Chuck Yeager's Air Combat

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Chuck Yeager's Air Combat
Chuck Yeager's Air Combat box scan.jpg
Developer(s) Brent Iverson
Publisher(s) Electronic Arts
Platform(s) MS-DOS, Apple Macintosh
Release date(s) 1991
Genre(s) Flight simulator
Mode(s) Single player

Chuck Yeager's Air Combat, often shortened as CYAC, is a 1991 combat flight simulator video game by Electronic Arts. Famed pilot Chuck Yeager was a technical consultant in the game and his digitized voice is featured in the game, giving encouragement and praise before and after missions. The game is characterized for its good balance of an action laden gameplay which focuses on classical dog fights and a simple but still realistic flight model.

The game was initially available for DOS, and later ported to the Apple Macintosh. The latter version is considered superior as its graphical display is at a much higher resolution, multi-player network play is supported, and saved movies may be exported in QuickTime format.

Gameplay[edit]

The game featured six player-flyable aircraft: P-51D Mustang, F-86E Sabre, F-4E Phantom II, Fw.190A-8, the Soviet MiG-15 'Fagot' and MiG-21MF 'Fishbed'. Other featured AI-driven aircraft were: Me.109E, Me.110B, Me-163B Komet, Me-262 Schwalbe, P-47D Thunderbolt, Yak-9, MiG-17MF 'Fresco' and F-105D Thunderchief as opposing fighters and B-17E, B-29C, B-52 and L-5 as aircraft to either protect or shoot down, depending on the mission.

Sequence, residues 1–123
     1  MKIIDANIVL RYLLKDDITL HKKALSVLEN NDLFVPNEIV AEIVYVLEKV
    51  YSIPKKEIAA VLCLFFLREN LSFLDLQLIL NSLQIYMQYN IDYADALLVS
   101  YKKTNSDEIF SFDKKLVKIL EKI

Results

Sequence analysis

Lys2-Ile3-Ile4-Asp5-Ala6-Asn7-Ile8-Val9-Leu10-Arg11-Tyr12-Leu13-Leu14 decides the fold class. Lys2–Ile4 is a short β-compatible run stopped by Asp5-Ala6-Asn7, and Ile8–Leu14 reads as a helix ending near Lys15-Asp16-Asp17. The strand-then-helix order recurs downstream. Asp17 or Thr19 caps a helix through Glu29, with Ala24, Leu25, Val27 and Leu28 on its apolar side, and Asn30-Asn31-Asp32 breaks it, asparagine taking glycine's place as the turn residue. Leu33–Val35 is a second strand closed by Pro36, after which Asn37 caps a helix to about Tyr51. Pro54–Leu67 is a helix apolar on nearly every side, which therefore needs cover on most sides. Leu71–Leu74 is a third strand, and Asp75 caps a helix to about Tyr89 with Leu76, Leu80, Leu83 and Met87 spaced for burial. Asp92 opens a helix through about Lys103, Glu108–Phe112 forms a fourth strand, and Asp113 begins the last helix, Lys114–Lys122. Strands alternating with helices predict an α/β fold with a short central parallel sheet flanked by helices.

Unlike many other flight simulation games of its day, altitude and aircraft characteristics have a big influence on the behaviour of the game's simulated aircraft. Many missions take place at the limits of the aircraft's performance, challenging the player to keep the plane within its flight envelope. For instance, the opening Historical mission as a Luftwaffe pilot pits their Fw 190 against the group of unescorted B-17s, but at an altitude that makes even basic flying difficult.

Realism has been sacrificed to some degree to enhance gameplay, however, e.g., a real fighter plane expends all of its ammunition after a few short bursts, while in Chuck Yeager's Air Combat the rate of fire has been reduced considerably, making dog fights longer. To assist a newcomer to the game several help features can be activated, such as unlimited ammunition or easier aiming. A virtual Chuck Yeager can be activated, who gives advice.

Because of the limited graphics capabilities of software and hardware of the time, the aircraft are generally given block paint schemes of white, silver, black, and grey representing the major flight surfaces of the aircraft. While simple, the game did receive accolades for its graphical representation of the aircraft being depicted, as a majority of the airplanes involved did actually use similar schemes at one point or another (for example, the P-51 is overall silver with white and darker grey representing sun glare and shadows).

Three different fly modes were available: Free Flight, which put the user in a selected airplane in a non-hostile environment; Create a Mission, where the user could specify which airplane to pilot against a selected number of AI-driven aircraft of varying levels of difficulty; and Historical Flight, where user could select among three wars to fly in: World War II, Korean, and Vietnam.